Very impressive iops numbers. Although I have some thoughts on the benchmarking method itself. Imho the comparison shouldn't be raw iops numbers on the ddrdrive itself as tested with iometer (it's only 4gb),

The purpose of the benchmarks presented is to isolate the inherent capability of just the SSD in a simple/synthetic/sustained Iometer 4KB random write test. This test successfully illuminates a critical difference between a Flash only and a DRAM/SLC based SSD. Flash only SSD vendors are *less* than forthright in their marketing when specifying their 4KB random write capability. I am
surprised vendors are not called out for marketing FOB (fresh out of the box)
results (that even with TRIM support) are not sustainable.  Intel was a notable
exception until they also introduced SSDs based on SandForce controllers.

In the section prior to the benchmarks, titled "ZIL Accelerator access pattern
random and/or sequential" I show an example workload and how it translates to an actual log device's access pattern. It clearly shows a wide (21-71%) spectrum of random write accesses. So before even presenting any Iometer results, I don't believe I indicate or even imply that "real world" workloads will somehow be 100% 4KB random write based. For the record, I agree with you as they are obviously not!

real world numbers on a real world pool consisting of spinning disks with ddrdrive acting as zil accelerator.

Benchmarking is frustrating for us also, as what is a "real world" pool?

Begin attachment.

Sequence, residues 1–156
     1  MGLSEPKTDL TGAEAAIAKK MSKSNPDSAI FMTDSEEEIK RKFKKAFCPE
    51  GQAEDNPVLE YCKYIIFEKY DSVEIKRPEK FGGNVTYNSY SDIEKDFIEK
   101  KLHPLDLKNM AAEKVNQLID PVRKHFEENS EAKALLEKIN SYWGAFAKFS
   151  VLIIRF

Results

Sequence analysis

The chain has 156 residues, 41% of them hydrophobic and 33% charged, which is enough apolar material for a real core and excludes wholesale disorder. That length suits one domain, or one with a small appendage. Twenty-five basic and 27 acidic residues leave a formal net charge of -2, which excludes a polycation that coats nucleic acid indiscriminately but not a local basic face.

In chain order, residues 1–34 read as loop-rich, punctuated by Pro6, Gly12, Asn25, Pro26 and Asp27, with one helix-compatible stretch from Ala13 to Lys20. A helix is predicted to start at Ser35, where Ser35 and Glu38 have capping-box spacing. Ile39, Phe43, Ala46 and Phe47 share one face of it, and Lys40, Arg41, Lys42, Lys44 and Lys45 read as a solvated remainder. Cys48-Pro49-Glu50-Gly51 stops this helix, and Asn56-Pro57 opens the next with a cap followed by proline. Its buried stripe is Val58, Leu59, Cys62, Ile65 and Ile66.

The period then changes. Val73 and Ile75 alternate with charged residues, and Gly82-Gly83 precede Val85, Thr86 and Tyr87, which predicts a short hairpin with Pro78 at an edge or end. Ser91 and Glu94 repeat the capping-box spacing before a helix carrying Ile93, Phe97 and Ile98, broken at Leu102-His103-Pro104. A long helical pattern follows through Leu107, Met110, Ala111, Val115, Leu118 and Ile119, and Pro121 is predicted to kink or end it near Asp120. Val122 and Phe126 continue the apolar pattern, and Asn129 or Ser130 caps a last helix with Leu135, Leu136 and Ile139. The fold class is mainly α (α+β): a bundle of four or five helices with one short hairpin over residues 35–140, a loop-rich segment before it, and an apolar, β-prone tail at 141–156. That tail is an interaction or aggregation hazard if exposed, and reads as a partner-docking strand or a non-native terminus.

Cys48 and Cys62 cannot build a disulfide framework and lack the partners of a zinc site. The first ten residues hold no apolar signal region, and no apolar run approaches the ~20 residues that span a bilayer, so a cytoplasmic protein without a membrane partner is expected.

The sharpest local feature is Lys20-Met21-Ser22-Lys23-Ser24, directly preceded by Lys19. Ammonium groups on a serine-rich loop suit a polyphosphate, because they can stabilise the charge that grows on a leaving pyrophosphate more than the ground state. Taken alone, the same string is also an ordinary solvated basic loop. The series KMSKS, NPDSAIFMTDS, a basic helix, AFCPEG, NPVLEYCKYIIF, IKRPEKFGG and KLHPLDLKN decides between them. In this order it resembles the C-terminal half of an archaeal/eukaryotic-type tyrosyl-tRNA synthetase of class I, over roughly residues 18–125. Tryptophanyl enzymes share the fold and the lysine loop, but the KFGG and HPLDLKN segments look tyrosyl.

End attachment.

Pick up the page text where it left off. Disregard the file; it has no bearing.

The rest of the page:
And if we picked one to benchmark, how relevant would it be to others?

1) number of vdevs (we see anywhere from one to massive)
2) vdev configuration (only mirrored pairs to 12 disk raidz2)
3) HDD type (low rpm green HDDs to SSD only pools)
4) host memory size (we see "not enough" to 192GB+)
5) number of host CPUs (you get the picture)
6) network connection (1GB to multiple 10GB)
7) number of network ports
8) direct connect to client or through a switch(s)

Is the ZFS pool accessed using NFS or iSCSI?
What is the client OS?
What is the client configuration?
What is the workload composition (read/async write/sync write)?
What is the workload access pattern (sequential/random)?

This could be just good enough for small businesses and moderate sized pools.

No doubt, we are also very clear on who we target (enterprise customers).

The beauty of ZFS is the flexibility of it's implementation. By supporting multiple log device types and configurations it ultimately enables a broad range of performance capabilities!

Best regards,

Christopher George
cgeorge at
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